In certain embodiments, the electronic device 10 may include a source driver integrated circuit (IC) 30, which may be separate or integral to the display 26. The source driver IC 30 may include a chip, such as processor or ASIC, that may control various aspects of the display 26. For instance, the source driver IC 30 may receive image data from the processor 16 and send corresponding image signals to pixels that are part of the display 26 via source lines of the display 26. As such, the source driver IC 30 may enable the display 26 to depict images that correspond to the image data. To depict the images, the source driver IC 30 may send a digital level value to each image pixel of the display 26 via the source lines. The digital level value typically represents a shade of darkness or brightness between black and white and may be commonly referred to as gray levels.

As mentioned above, the electronic device 10 may take any number of suitable forms. Some examples of these possible forms appear in FIGS. 2-5. Turning to FIG. 2, a notebook computer 40 may include a housing 42, the display 26, the I/O ports 12, and the input structures 14. The input structures 14 may include a keyboard and a touchpad mouse that are integrated with the housing 42. Additionally, the input structure 14 may include various other buttons and/or switches which may be used to interact with the computer 40, such as to power on or start the computer, to operate a GUI or an application running on the computer 40, as well as adjust various other aspects relating to operation of the computer 40 (e.g., sound volume, display brightness, etc.). The computer 40 may also include various I/O ports 12 that provide for connectivity to additional devices, as discussed above, such as a FireWire.RTM. or USB port, a high definition multimedia interface (HDMI) port, or any other type of port that is suitable for connecting to an external device. Additionally, the computer 40 may include network connectivity (e.g., network device 24), memory (e.g., memory 18), and storage capabilities (e.g., storage device 20), as described above with respect to FIG. 1.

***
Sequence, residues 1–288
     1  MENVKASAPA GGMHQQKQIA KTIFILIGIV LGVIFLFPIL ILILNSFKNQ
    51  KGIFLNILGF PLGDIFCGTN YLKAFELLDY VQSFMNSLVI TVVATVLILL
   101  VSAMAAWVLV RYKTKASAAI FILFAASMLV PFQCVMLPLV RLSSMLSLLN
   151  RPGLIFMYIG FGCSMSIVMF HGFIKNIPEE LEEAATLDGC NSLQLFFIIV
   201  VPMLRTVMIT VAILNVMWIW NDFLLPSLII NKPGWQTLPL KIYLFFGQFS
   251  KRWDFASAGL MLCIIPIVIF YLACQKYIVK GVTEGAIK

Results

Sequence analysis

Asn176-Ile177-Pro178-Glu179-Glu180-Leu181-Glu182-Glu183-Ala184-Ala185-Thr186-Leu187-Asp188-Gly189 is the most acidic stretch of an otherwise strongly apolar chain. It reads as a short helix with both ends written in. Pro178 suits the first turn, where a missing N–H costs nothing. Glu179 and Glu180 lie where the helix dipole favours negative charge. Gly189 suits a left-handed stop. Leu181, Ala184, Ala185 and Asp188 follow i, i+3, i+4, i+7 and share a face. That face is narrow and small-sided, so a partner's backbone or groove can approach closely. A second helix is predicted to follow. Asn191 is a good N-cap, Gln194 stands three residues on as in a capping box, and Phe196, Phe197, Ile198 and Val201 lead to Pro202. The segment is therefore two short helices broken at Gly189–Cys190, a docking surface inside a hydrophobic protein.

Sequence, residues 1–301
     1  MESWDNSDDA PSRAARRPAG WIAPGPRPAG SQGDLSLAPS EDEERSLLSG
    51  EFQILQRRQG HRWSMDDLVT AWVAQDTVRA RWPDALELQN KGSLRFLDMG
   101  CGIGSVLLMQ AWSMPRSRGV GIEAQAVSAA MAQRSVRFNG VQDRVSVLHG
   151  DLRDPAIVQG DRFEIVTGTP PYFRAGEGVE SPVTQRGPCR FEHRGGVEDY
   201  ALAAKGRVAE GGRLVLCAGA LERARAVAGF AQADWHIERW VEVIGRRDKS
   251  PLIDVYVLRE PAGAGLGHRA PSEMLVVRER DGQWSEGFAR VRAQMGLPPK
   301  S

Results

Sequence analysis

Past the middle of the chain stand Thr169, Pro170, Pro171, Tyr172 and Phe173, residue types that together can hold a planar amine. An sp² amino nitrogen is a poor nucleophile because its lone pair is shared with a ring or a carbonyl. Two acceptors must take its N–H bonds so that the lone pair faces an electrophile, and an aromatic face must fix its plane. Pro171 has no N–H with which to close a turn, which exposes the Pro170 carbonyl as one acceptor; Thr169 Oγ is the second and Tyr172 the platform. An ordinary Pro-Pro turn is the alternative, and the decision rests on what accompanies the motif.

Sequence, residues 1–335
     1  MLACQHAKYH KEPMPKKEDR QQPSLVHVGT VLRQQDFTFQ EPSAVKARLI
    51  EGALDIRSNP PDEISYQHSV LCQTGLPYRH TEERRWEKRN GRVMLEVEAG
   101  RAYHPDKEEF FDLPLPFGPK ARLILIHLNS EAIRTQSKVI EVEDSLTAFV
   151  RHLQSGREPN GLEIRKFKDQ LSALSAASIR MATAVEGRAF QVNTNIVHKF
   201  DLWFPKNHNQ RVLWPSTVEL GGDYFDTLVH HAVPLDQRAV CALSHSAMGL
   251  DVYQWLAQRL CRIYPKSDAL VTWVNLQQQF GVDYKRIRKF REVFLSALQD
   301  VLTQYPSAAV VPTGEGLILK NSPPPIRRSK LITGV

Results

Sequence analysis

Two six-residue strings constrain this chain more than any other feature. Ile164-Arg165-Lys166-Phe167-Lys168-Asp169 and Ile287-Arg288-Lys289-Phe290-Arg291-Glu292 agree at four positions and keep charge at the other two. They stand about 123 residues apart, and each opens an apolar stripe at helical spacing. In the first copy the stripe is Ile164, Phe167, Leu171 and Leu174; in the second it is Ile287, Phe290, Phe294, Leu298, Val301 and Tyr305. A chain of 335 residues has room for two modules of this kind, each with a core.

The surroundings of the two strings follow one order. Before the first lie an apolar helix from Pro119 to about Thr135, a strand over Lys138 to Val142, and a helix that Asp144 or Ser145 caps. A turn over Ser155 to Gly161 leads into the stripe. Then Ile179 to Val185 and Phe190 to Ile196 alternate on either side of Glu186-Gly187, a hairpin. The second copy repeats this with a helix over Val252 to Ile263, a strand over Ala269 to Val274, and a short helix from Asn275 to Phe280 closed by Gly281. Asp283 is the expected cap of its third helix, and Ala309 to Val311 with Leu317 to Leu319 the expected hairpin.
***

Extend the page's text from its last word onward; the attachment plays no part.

The notebook computer 40 may include an integrated imaging device 28 (e.g., a camera). In other embodiments, the notebook computer 40 may use an external camera (e.g., an external USB camera or a "webcam") connected to one or more of the I/O ports 12 instead of or in addition to the integrated imaging device 28. In certain embodiments, the depicted notebook computer 40 may be a model of a MacBook.RTM., MacBook.RTM. Pro, MacBook Air.RTM., or PowerBook.RTM. available from Apple Inc. In other embodiments, the computer 40 may be portable tablet computing device, such as a model of an iPad.RTM. from Apple Inc.

FIG. 3 shows the electronic device 10 in the form of a desktop computer 50. The desktop computer 50 may include a number of features that may be generally similar to those provided by the notebook computer 40 shown in FIG. 4, but may have a generally larger overall form factor. As shown, the desktop computer 50 may be housed in an enclosure 42 that includes the display 26, as well as various other components discussed above with regard to the block diagram shown in FIG. 1. Further, the desktop computer 50 may include an external keyboard and mouse (input structures 14) that may be coupled to the computer 50 via one or more I/O ports 12 (e.g., USB) or may communicate with the computer 50 wirelessly (e.g., RF, Bluetooth, etc.). The desktop computer 50 also includes an imaging device 28, which may be an integrated or external camera, as discussed above. In certain embodiments, the depicted desktop computer 50 may be a model of an iMac.RTM., Mac.RTM. mini, or Mac Pro.RTM., available from Apple Inc.

The electronic device 10 may also take the form of portable handheld device 60 or 70, as shown in FIGS. 4 and 5. By way of example, the handheld device 60 or 70 may be a model of an iPod.RTM. or iPhone.RTM. available from Apple Inc. The handheld device 60 or 70 includes an enclosure 42, which may function to protect the interior components from physical damage and to shield them from electromagnetic interference. The enclosure 42 also includes various user input structures 14 through which a user may interface with the handheld device 60 or 70. Each input structure 14 may control various device functions when pressed or actuated. As shown in FIGS. 4 and 5, the handheld device 60 or 70 may also include various I/O ports 12. For instance, the depicted I/O ports 12 may include a proprietary connection port for transmitting and receiving data files or for charging a power source 24. Further, the I/O ports 12 may also be used to output voltage, current, and power to other connected devices.

The display device 26 may display images generated by the handheld device 60 or 70. For example, the display 26 may display system indicators that may indicate device power status, signal strength, external device connections, and so forth. The display 26 may also display a GUI 52 that allows a user to interact with the device 60 or 70, as discussed above with reference to FIG. 3. The GUI 52 may include graphical elements, such as the icons, which may correspond to various applications that may be opened or executed upon detecting a user selection of a respective icon.